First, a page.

After the final repulse on the 17th of January followed the retreat to Besançon. That this retreat may have taken place mainly by the one road in the Doubs valley is probable; but we know that large bodies retreated by other roads nearer the Swiss frontier. Anyhow, on the afternoon of the 22nd the rearguard, under Crémer, arrived in Besançon. Thus the advanced guard must have arrived there as early as the 20th, and have been ready to march on the 21st against the Prussians, who on that day reached Dôle. But no. No notice is taken of them until after Crémer’s arrival, who all at once, changing his place from the rear to the vanguard, is sent out to meet them on the 23rd towards Saint Vit. On the following day Crémer is ordered back to Besançon; two days are wasted in indecision and inactivity, until, on the 26th, Bourbaki, after passing in review the 18th Corps, attempts suicide. Then a disorderly retreat commences in the direction of Pontarlier. But on that day the Germans at Mouchard and Salins were nearer the Swiss frontier than the fugitives, and their retreat was virtually cut off. It was no longer a race; the Germans could occupy leisurely the outlets of all the longitudinal valleys by which escape was still possible; while other troops pressed on the French rear. Then followed the engagements around Pontarlier, which brought this fact home to the defeated army; the result of which was the Convention of Les Verrieres and the surrender of the whole body to the Swiss.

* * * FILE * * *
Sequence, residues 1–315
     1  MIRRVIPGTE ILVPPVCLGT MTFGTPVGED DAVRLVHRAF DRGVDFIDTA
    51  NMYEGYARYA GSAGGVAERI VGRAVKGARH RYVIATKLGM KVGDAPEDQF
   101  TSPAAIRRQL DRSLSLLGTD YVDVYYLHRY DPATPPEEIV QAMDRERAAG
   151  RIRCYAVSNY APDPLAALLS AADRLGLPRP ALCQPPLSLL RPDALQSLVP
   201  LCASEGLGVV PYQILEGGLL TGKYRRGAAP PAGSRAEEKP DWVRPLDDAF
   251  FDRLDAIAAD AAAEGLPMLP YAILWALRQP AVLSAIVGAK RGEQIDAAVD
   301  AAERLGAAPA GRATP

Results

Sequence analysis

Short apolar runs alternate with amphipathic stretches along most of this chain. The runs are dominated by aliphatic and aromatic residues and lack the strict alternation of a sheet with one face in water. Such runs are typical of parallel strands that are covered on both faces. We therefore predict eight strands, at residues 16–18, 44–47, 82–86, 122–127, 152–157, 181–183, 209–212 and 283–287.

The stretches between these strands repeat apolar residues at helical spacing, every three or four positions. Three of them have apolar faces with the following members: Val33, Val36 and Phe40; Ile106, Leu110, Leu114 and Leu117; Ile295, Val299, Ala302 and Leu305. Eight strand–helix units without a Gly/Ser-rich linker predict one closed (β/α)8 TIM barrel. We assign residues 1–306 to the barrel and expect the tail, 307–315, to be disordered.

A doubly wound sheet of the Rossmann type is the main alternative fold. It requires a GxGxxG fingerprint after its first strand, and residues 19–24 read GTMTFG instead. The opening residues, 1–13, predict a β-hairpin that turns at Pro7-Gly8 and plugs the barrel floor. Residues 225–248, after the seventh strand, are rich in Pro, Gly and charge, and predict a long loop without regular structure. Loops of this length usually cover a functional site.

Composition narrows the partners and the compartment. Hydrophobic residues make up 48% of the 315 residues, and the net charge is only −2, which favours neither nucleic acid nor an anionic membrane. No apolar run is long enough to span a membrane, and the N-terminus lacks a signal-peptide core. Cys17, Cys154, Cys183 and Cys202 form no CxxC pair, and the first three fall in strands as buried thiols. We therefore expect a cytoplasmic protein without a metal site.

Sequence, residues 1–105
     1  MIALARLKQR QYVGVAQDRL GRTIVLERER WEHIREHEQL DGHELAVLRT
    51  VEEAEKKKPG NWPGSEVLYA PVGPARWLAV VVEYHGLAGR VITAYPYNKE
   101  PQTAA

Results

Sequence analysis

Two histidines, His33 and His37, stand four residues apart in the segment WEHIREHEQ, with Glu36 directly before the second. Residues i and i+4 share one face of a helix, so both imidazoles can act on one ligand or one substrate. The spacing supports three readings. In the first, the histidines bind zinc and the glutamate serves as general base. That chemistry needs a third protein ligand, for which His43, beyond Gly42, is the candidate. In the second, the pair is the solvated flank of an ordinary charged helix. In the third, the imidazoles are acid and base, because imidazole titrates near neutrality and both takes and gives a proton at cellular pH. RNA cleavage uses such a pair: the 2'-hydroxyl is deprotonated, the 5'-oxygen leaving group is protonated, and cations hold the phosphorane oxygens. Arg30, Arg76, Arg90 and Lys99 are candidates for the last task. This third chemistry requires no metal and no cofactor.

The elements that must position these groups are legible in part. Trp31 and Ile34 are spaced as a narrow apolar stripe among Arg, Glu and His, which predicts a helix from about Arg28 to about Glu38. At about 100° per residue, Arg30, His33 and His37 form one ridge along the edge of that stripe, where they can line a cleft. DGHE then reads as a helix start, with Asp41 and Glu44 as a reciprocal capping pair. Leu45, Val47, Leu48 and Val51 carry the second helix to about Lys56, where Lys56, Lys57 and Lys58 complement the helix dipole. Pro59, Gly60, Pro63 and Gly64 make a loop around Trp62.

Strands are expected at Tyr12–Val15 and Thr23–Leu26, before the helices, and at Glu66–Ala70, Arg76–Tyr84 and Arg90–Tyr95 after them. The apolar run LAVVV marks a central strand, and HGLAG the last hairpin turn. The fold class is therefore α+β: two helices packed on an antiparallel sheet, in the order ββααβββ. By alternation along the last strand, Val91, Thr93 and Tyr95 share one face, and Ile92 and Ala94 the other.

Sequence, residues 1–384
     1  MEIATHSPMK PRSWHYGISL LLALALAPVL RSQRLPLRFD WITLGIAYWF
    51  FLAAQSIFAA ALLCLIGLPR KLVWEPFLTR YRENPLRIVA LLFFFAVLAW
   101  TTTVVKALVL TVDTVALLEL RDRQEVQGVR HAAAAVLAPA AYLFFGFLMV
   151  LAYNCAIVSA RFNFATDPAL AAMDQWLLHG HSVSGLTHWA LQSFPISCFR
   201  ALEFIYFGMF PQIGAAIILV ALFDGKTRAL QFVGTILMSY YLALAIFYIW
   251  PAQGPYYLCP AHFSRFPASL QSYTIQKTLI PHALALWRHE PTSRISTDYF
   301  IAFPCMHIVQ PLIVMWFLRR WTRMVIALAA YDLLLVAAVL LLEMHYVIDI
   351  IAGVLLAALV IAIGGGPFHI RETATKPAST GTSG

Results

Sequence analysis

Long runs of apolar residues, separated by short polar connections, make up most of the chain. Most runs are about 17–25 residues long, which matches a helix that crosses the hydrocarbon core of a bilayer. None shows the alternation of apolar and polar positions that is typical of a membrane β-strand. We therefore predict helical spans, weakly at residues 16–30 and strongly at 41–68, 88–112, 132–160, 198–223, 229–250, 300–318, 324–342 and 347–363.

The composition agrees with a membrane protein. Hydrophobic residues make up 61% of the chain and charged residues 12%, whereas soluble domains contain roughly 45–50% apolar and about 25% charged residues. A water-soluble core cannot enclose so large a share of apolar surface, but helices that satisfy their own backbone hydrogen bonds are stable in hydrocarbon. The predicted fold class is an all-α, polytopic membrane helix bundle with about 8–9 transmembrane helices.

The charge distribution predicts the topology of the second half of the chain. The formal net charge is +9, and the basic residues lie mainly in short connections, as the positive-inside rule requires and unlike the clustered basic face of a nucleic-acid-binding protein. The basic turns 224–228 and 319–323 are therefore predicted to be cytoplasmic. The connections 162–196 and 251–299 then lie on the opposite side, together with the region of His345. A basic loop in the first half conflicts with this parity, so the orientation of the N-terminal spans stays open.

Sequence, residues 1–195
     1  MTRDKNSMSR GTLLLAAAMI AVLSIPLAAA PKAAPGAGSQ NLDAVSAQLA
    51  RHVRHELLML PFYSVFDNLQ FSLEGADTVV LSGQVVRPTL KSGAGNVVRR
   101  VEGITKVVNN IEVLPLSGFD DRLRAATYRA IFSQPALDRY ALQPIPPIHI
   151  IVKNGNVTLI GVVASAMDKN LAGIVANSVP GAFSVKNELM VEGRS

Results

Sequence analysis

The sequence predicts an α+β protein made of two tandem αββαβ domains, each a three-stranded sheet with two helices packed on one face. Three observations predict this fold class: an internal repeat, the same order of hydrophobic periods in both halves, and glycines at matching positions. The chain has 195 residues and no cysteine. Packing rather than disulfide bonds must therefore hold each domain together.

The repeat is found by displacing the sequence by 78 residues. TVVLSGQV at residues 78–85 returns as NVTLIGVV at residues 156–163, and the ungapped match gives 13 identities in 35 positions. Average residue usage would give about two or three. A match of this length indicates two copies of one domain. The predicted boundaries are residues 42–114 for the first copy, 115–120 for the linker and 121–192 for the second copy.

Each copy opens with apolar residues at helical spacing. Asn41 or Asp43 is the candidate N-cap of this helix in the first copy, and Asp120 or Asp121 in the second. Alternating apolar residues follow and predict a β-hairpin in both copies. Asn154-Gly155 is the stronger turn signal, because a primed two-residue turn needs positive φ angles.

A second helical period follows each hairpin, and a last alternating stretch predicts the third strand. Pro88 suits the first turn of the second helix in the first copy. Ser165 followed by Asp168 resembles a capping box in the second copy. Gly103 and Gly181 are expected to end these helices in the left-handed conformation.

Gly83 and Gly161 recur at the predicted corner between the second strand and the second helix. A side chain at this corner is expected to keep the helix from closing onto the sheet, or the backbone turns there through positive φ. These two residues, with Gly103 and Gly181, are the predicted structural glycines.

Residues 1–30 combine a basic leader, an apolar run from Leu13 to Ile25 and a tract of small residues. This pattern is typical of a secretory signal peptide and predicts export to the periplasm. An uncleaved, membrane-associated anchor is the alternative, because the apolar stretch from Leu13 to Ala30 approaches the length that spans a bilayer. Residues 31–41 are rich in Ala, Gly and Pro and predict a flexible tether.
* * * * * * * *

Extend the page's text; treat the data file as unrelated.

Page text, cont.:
The whole behaviour of Bourbaki, from the 15th to the 26th, seems to prove that he had lost all confidence in his men, and that consequently he also lost all confidence in himself. Why he suspended the march of his columns at Besançon until Crémers arrival, thus throwing away every chance of escape; why he recalled Crémer’s division, the best in the army, immediately after sending it out of Besançon to meet the Prussians, who blocked the direct road to Lyons; why after that he dallied another two days, which brings the time lost in Besançon to fully six days — it is impossible to explain unless by supposing that Bourbaki was eminently deficient in that resolution which is the very first quality of an independent commander. It is the old tale of the August campaign over again and it is curious that this singular hesitation should again show itself in a general inherited from the Empire, while none of the generals of the Republic — whatever else may have been their faults — have shown such indecision, or suffered such punishment for it.